Review of his gig in Whelan's, Dublin, 6 July 2005
To be honest coming into this gig I didn't know a lot, but what I knew I loved. My entire knowledge of Richie Havens consisted of his two memorable tracks at Woodstock, his first album, and his two recent collaborations with Groove Armada., hardly representative of a 28 year recording career. Well I need not have worried, this was spiritual and soulful in the way every religion yearns for but none attain.
Richie Havens is in possession of one of the most powerfully beautiful voices ever to fill the ether. A girl I once met (who never called me back) once described the first time she heard his voice as "melting my insides." And for me, seeing him come on stage as the first performer on the Woodstock DVD was electric, one of those rare spine tingling moments, as he screams "clap your hands" in the middle of "Freedom" (a song he made up on the spot because he had nothing left to play) and upwards of 500,000 people get to their feet and groove. Absolutely amazing and this was on my couch midway through a cold winters day. But that was then, what is there now?
Any doubts I, or any others in the audience, could have had were calmed the moment Richie took to the stage, all smiles and child like excitement. That was one of the great things about this gig actually, when someone clearly loves what they are doing so much you can not but be affected, especially in a venue as intimate as Whelans was tonight.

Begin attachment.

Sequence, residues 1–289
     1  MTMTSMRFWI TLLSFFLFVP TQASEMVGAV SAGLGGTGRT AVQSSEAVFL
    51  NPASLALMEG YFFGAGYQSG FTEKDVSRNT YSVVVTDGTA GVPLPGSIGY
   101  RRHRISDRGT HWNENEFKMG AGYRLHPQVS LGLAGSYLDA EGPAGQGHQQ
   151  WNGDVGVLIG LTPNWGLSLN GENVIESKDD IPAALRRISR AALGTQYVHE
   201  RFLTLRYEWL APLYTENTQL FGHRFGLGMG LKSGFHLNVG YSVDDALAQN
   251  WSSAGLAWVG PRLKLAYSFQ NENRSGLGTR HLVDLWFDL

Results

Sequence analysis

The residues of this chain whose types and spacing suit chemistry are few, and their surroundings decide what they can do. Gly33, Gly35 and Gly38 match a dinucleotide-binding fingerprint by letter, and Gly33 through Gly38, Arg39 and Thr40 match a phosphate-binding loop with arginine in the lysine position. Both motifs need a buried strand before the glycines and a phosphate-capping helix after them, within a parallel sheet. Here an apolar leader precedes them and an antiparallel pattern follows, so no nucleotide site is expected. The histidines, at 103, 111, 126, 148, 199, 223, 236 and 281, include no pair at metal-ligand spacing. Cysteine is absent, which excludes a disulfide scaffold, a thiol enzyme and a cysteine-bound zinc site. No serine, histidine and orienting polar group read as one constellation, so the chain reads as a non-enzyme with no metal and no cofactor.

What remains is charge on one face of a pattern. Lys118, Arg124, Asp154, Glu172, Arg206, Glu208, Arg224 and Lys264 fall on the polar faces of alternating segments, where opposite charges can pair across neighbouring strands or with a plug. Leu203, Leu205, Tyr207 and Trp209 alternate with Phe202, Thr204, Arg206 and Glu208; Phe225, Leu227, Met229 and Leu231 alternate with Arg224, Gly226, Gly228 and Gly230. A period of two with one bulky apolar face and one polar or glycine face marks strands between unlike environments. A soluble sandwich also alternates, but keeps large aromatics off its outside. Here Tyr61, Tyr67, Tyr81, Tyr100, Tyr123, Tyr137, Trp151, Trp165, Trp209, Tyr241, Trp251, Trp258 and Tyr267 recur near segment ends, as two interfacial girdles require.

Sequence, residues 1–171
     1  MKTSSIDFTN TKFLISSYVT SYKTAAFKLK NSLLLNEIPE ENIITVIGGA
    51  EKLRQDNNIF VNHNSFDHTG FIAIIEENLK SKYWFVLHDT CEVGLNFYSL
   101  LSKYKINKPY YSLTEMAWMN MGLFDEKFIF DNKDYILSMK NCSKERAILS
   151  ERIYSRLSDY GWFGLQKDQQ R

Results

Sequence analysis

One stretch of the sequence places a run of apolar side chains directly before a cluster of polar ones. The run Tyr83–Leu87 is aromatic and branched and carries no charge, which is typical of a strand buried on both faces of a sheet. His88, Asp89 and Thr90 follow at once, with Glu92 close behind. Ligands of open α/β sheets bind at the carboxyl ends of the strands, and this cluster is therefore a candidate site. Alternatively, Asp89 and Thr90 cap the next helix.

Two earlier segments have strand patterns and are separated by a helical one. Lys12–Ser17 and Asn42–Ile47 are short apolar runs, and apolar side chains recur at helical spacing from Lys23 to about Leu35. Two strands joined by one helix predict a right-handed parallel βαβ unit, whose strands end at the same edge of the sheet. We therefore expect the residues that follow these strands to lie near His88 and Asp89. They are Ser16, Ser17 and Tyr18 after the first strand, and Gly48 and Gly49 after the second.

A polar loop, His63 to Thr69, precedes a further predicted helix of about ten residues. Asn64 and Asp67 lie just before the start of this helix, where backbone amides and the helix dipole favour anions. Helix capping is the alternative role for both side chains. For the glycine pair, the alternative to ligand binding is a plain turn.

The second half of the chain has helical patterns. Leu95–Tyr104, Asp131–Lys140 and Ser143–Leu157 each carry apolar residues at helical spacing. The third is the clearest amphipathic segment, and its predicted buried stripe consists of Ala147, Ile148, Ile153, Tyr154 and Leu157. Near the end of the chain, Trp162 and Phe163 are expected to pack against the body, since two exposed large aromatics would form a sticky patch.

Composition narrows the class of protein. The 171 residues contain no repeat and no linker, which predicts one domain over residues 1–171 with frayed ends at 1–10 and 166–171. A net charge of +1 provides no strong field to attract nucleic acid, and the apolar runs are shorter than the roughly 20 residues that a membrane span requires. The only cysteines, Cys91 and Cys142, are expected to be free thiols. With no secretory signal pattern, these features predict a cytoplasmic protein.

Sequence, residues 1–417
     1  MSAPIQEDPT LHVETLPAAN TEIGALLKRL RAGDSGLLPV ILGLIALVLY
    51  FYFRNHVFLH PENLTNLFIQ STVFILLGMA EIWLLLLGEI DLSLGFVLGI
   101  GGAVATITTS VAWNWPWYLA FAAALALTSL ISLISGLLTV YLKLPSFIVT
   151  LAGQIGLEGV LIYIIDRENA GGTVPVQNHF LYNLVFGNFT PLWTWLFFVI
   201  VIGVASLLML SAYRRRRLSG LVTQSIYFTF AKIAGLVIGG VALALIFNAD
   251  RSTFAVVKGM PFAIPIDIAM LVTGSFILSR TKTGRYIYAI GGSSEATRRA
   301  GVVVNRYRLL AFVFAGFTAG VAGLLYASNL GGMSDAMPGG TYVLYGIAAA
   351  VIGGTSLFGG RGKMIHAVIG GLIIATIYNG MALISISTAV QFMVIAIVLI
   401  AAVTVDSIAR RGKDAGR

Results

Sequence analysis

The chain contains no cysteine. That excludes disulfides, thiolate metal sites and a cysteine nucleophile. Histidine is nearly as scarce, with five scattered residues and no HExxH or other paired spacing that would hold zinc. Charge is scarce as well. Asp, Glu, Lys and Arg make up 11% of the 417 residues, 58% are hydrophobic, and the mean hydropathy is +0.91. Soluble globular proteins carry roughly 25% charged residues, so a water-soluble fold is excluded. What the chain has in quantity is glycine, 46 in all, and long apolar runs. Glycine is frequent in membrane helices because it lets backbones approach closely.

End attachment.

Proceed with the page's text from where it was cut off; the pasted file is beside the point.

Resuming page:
The show kicked off with "All Along The Watchtower" a song which Dylan taught to Richie Havens, and which Havens in turn taught to Jimi Hendrix. As he said himself, "I learnt this song from a friend and played it for a few years and then taught it to another friend, and when I heard his version I just went aaaaah, I don't need to play this song anymore, now I can listen!" Though it might sound clich?, things just got better from there.
Some tracks such as "Just Like A Woman" were hauntingly beautiful, while others stirred up the energy, slowly drawing the crowd into the performance. There were many songs played tonight which I'm pretty sure no one had ever heard before, but Havens' obvious love and enthusiasm for the music was evident, and these tunes were devoid of any creative trough. One of the great moments was when the band left the stage and Richie gave a plaintive, soon to be prophetic, rendition of Bruce Murdoch's protest song "Lets Lay Down Your Drums" with its moving and relevant lyric, "songs like these shouldn't need to be sung."
Moments like this were what added the magic to tonight's gig, against the highly publicised backdrop of Live8 and the terrorist attacks which were only a few hours away, these were simple, intelligent and passionate protest songs, a tool which is very rarely heard today, yet so effective.
After this Richie and his guitarist Walter Parks were joined on stage by a cello player, who managed to get a funky fluid bass groove from such a staid instrument. The gig finished as we all hoped it would with an unbelievable rendition of "Freedom" which stands as one of my best and most unforgettable musical memories. The crowd were on their feet, hands clapping and singing along as Richie's stomping left foot took him out of his stool and into an emotionally charged strumming frenzy. As the song reached its orgasm, he whacked out that last chord, tossed his guitar aside, as, clearly overwhelmed and even close to tears, he fell back joining his hands and bowing in thanks. As the applause continued unabated and the energy grew he rushed to the front of the stage and leaped into a scissor kick. Amazing.
No one tonight could NOT have been moved by that performance? spiritual, soulful, sublime, we have been blessed.
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